NewDeploy creates a Kubernetes Deployment along with a Service and HorizontalPodAutoscaler(HPA) for function execution and make it suitable for functions that handle massive traffic.

This enables autoscaling of function pods and load balancing the requests between pods. Resource requirements can be specified at the function level and these requirements override those specified in the environment.

NewDeploy will scale the replicas of a function deployment to the minimum feasible scale setting, if the minimum scale setting of a function is greater than 0. The ‘fetcher’ inside the pod uses a URL in the JSON payload, which is attached as a parameter to start fetcher, to download the function package instead of waiting for calls from NewDeploy.

When a function experiences a traffic spike, the service helps to distribute the requests to pods belonging to the function for better workload distribution and lower latency. Also, the HPA scales the replicas of the deployment based on the conditions set by the user. If there are no requests for certain duration then the idle pods are cleaned up.

This approach though increases the cold time of a function, but also makes NewDeploy suitable for functions designed to serve massive traffic.

For requests where latency requirements are stringent, a minscale greater than zero can be set. This essentially keeps a minscale number of pods ready when you create a function. When the function is invoked, there is no delay since the pod is already created. Also minscale ensures that the pods are not cleaned up even if the function is idle. This is great for functions where lower latency is more important than saving resource consumption when functions are idle.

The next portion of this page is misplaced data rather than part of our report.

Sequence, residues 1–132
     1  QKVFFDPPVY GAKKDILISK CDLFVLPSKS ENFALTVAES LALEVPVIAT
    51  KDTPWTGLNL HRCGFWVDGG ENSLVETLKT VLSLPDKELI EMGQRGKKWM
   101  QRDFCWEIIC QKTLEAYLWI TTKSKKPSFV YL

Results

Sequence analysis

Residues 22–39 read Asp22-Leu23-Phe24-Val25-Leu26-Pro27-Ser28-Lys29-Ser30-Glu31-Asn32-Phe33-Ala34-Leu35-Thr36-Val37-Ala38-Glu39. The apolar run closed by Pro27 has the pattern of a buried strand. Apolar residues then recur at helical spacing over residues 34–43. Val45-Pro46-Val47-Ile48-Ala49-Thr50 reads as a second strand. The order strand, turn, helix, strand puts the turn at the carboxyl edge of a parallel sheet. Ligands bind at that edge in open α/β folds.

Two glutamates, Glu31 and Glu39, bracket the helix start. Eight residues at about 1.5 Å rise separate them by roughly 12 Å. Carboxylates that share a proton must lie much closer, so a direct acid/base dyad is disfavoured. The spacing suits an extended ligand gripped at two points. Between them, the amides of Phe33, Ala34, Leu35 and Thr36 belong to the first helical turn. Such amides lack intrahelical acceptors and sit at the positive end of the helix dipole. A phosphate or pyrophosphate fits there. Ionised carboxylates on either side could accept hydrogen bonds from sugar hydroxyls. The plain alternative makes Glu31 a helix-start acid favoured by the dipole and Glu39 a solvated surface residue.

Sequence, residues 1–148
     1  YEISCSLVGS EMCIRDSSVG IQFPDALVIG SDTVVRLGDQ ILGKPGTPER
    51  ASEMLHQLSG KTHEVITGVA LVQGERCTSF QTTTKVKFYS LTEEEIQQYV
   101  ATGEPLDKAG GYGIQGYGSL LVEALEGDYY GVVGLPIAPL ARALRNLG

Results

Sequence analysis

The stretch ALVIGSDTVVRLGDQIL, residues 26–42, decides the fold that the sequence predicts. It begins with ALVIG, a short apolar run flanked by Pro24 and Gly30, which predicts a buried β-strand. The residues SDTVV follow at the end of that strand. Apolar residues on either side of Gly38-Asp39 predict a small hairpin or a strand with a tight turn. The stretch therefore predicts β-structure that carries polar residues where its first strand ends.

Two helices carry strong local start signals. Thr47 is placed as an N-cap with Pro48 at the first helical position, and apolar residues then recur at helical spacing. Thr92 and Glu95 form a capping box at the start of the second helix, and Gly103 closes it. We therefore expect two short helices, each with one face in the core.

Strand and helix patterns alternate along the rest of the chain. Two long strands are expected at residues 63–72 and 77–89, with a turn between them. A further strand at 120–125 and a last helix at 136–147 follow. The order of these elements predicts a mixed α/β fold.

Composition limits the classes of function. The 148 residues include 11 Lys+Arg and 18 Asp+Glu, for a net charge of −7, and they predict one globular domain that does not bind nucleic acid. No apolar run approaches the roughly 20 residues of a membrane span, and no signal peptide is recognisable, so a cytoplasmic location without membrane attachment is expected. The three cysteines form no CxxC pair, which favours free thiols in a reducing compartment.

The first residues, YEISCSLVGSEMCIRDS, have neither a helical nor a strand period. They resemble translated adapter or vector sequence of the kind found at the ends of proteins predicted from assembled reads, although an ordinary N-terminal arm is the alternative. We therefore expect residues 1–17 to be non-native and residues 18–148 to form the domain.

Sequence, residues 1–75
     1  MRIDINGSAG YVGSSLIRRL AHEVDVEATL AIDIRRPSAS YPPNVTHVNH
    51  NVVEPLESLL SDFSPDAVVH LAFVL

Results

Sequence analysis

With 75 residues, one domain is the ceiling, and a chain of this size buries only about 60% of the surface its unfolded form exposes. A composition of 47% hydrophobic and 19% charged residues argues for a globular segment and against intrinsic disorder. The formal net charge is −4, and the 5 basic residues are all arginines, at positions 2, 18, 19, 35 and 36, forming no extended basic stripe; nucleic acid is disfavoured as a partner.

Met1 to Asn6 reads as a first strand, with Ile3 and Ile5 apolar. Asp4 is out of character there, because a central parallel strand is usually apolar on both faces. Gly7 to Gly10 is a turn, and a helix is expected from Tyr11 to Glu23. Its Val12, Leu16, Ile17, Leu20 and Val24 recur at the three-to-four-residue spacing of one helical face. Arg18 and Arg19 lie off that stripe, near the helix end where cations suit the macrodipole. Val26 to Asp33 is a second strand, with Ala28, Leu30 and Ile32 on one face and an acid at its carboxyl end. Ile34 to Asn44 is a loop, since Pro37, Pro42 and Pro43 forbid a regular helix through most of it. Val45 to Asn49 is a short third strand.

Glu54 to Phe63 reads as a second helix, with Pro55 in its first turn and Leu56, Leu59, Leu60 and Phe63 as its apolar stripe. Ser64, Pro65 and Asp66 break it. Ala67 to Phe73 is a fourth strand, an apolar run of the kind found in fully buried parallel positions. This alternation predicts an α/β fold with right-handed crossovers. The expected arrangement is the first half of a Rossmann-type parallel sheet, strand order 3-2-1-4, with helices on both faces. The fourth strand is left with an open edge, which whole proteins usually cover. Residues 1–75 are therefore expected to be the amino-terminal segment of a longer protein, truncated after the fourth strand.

Fig.3 NewDeploy

Fig.3 NewDeploy

  1. Router asks the service address of a function.
  2. Executor retrieves function information from CRD
  3. Invoke NewDeploy to spin up function pods.
  4. NewDeploy creates three Kubernetes resources: Deployment, Service, HPA.
  5. The Service’s address is returned to the Router.
  6. Router redirects requests to the address just returned.
  7. Service load balance requests to pods.

The latency vs. idle-cost tradeoff

The executors allow you as a user to decide between latency and a small idle cost trade-off. Depending on the need you can choose one of the combinations which is optimal for your use case. In future, a more intelligent dispatch mechanism will enable more complex combinations of executors.

Executor Type Min Scale Latency Idle cost
Newdeploy 0 High Very low, pods get cleaned up after idle time
Newdeploy > 0 Low Medium, min scale number of pods are always up
Poolmgr 0 Low Low, pool of pods are always up


The new deployment based executor provides autoscaling for functions based on CPU usage. In future custom metrics will be also supported for scaling the functions. You can set the initial and maximum CPU for a function and target CPU at which autoscaling will be triggered. Autoscaling is useful for workloads where you expect intermittant spikes in workloads. It also enables optimal the usage of resources to execute functions, by using a baseline capacity with minimum scale and ability to burst up to maximum scale based on spikes in demand.